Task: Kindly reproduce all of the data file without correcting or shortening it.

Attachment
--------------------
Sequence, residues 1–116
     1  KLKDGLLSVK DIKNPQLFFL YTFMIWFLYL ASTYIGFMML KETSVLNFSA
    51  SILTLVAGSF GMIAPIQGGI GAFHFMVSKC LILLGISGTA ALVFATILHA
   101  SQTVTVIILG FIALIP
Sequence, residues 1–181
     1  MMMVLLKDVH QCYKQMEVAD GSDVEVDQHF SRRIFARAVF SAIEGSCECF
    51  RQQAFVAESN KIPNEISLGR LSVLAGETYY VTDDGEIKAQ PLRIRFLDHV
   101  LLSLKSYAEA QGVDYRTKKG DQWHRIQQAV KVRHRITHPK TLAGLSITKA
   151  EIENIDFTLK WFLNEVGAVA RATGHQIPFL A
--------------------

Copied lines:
Sequence, residues 1–116
     1  KLKDGLLSVK DIKNPQLFFL YTFMIWFLYL ASTYIGFMML KETSVLNFSA
    51  SILTLVAGSF GMIAPIQGGI GAFHFMVSKC LILLGISGTA ALVFATILHA
   101  SQTVTVIILG FIALIP
Sequence, residues 1–181
     1  MMMVLLKDVH QCYKQMEVAD GSDVEVDQHF SRRIFARAVF SAIEGSCECF
    51  RQQAFVAESN KIPNEISLGR LSVLAGETYY VTDDGEIKAQ PLRIRFLDHV
   101  LLSLKSYAEA QGVDYRTKKG DQWHRIQQAV KVRHRITHPK TLAGLSITKA
   151  EIENIDFTLK WFLNEVGAVA RATGHQIPFL A